Plop! Went the iPhone

iPhone's Caution Message
iPhone's Caution Message

iPhone owners listen up. You may think it won’t happen to you but it will. Trust me. I’m very careful but when I tucked my dear iPhone into my skirt’s shallow pocket, I didn’t realize what would happen until I heard a “plop” before sitting on the porcelain thrown.

Yes. My iPhone fell in the toilet.

My iPhone3 was one of my most important pieces of travel gear. It captured photos, I could live Tweet during events, I could navigate along city streets (most of the time successfully), find restaurants and book dining reservations through OpenTable, find AAA discounts, and, well, you get the idea. Oh, and I texted and made phone calls, too.
My Four Mistakes Once I Fished My iPhone Out of the Toilet

What I did next is something you should NEVER do if heaven forbid, your iPhone (or any phone) falls in the drink: NEVER turn it on and use it. (Okay, I suppose the ultimate mistakes were letting it fall and fishing it out…)

I pulled it out quickly and dried it with paper towels. I was heading out to lunch so I ran home while calling my mom and asking her to call me to see if the phone worked. (Mistake #1!) I could call her however, when she called me my iPhone rang but I couldn’t hear her on the other end.

Dashing home, I tried to power up my computer to get in a backup while leaving my hairdryer on high heat to dry it out. Okay, that was probably mistake #2 – the high heat. From what I later read after conducting a Google search, use low heat.

I tried to backup everything but then a caution message popped on, stating, “iPhone needs to cool down before you can use it.” (See image above.)

Then it flashed something about it’s still able to make emergency calls – apparently the device forgot I speak English because several languages flashed intermittently.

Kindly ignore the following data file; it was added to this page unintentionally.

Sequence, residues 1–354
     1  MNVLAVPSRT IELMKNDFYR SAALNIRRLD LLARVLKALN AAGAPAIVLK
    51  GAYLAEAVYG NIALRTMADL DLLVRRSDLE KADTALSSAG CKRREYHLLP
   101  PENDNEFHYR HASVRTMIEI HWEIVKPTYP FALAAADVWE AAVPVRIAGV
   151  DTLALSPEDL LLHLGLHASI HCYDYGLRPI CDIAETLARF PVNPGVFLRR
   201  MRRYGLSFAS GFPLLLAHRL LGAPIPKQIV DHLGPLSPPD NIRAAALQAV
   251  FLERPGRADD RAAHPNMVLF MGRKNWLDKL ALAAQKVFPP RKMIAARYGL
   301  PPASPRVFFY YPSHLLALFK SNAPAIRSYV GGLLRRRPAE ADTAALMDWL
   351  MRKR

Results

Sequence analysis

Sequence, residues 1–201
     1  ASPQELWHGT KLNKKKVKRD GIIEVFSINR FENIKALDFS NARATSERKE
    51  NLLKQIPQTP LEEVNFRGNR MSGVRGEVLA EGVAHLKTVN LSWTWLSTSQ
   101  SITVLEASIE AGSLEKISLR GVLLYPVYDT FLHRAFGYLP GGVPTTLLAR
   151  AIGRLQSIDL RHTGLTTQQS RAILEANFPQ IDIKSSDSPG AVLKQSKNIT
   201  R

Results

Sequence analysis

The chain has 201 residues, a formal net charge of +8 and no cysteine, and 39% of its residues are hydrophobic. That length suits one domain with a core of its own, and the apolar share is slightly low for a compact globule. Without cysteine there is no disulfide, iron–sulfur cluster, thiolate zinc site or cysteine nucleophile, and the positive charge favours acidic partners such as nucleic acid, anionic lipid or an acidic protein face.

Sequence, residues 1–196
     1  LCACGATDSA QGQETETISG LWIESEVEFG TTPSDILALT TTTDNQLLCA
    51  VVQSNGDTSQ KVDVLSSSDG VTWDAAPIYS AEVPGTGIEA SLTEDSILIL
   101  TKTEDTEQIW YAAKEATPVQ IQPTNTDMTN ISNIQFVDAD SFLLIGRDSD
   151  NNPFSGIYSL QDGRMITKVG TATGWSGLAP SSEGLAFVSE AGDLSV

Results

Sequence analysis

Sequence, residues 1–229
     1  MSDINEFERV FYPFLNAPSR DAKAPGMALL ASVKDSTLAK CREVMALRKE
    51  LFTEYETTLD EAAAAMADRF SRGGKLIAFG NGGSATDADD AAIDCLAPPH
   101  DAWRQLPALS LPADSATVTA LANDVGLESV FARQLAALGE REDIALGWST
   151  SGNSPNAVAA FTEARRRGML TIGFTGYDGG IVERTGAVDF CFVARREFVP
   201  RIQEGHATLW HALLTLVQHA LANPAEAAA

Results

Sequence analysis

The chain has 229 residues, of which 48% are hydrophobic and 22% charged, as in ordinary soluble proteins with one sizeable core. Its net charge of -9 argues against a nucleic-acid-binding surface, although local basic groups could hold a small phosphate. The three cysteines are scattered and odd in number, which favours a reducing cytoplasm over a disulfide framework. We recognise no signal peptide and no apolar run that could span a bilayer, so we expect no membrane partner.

Hmm. Too hot. I thought perhaps it was because of the hot air from the hairdryer so I did what every good cook does, I put the iPhone in the refrigerator. Perhaps that was mistake #3 because after it was in there for about 3 minutes, I realized it was probably building up with condensation.

Back out and I tried to back it up without success, my PC is slooooow and once it made the connection for the sync, the caution message popped up again. I needed to head back to work. I kept the phone plugged in while in the office and kept turning it on and off. (Mistake #4?)

Drying Tools - Knee-High Stocking, Dry Rice, Plastic Bag (Not the Salt)
Drying Tools - Knee-High Stocking, Dry Rice, Plastic Bag (Not the Salt)

Stopping off at Walmart, I picked up a bag of rice and pair of knee-high stockings. Once home, I turned it off and slipped the iPhone in a stocking, tied it up and placed it in a plastic bag with dry rice to wait it out. [Note: The rice is suppose to dry it out, recommended to stay in the bag between 2 and 7 days; or those silicon packets with your new shoes or purses should work. There was Facebook discussion as to whether the battery should have been removed before plunging into the rice. From what I researched, it takes surgeon-like hands (and really tiny tools) to get the iPhone battery out so I didn’t even attempt it.]